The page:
"He laughed at me," my six year old daughter cried as she approached me from the pool. I asked what happened. "I jumped in the pool backwards, and the lifeguard said not to do it again. Then he said 'You got in trouble!' and laughed at me."
Trying to lessen the blow of the boy's words I said, "Well, who cares what he says?" She looked at me with big soulful eyes, trying not to cry and said, "I do!" I pulled her close and told her how sorry I was for his hurtful words.
I messed up. I was trying to negate the hurt she was feeling, trying to make her feel better. What she needed was for me to validate her hurt. Tell her, yes, that words do hurt and it's okay to feel pain. I messed up, but hopefully I got on the right track after she was so articulate in conveying how she felt.
I was reminded of the time when I was talking with a friend before I gave my testimony about my childhood at church. "I'm afraid I'm going to cry," I said. "I cried when I read it," was the friend's response. No assurances I wouldn't cry. No platitudes that I'd be fine or everything would be okay. Just validating me that if I cried, there was in fact reason to cry.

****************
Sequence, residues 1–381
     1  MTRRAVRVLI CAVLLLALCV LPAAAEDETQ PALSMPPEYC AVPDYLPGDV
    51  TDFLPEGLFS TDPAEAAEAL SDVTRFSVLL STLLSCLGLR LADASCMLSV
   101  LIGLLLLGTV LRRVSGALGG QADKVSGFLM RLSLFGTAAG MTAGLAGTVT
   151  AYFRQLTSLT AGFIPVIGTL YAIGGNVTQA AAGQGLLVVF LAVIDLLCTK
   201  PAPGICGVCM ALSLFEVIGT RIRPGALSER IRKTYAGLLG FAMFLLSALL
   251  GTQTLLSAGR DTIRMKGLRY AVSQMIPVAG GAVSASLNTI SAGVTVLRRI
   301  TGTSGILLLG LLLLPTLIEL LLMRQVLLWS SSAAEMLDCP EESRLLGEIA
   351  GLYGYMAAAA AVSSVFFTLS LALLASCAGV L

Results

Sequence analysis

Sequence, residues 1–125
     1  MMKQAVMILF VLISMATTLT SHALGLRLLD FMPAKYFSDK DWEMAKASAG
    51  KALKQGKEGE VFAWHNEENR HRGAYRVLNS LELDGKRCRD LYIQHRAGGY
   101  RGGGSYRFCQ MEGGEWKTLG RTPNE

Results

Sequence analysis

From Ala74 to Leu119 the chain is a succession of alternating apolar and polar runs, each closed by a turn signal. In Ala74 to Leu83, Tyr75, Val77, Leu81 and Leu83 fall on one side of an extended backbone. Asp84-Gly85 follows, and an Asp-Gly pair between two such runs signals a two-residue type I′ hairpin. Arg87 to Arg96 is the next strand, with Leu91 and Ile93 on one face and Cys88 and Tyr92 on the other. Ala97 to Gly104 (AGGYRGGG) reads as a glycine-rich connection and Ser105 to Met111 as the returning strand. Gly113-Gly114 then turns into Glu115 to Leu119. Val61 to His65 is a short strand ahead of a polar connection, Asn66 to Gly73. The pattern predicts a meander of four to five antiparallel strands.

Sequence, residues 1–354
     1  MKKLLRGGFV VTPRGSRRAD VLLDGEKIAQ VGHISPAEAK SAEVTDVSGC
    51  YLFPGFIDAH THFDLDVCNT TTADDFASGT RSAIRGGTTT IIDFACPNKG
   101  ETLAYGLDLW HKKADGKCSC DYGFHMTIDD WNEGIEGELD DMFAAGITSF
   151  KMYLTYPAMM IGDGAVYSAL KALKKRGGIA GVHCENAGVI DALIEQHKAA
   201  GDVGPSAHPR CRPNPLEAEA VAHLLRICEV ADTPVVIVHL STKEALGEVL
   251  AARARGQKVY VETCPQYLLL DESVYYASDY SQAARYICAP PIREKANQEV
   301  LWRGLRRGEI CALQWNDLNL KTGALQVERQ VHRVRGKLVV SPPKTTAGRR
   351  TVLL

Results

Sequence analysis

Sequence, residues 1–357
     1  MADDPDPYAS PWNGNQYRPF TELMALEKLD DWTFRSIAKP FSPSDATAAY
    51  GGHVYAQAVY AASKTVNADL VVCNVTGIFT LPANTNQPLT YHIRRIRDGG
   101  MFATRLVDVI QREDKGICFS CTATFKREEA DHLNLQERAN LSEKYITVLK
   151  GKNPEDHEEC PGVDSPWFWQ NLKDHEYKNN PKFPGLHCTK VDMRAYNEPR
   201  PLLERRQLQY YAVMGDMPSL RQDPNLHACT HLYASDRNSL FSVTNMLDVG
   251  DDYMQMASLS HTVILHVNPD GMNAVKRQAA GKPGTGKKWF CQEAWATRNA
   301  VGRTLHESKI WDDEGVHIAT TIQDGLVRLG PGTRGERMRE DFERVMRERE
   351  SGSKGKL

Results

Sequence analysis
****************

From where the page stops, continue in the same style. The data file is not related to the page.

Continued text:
Jesus provides a wonderful example of validation in the story of Lazarus' death found in John 11. As Jesus and his disciples headed to Judea, He told them that Lazarus had died, and that Jesus was going to raise him from the dead. When they arrived and Jesus saw how upset Mary and the family were over Lazarus death, He didn't say, "Stop crying! I'm going to raise him from the dead." He didn't say, "Everything will be okay, wait and see!" No, the Bible tells us Jesus wept. Jesus wept! That is the picture of validating their feelings! He wept with them, even knowing that Lazarus would be raised in a moment.
Is someone telling you how upset they are today? Why not validate their feelings instead of trying to fix them? Sometimes, we don't want someone to fix us. We just want someone to listen to us, to validate us, and maybe, even, to weep with us. Be that someone, like Jesus, today.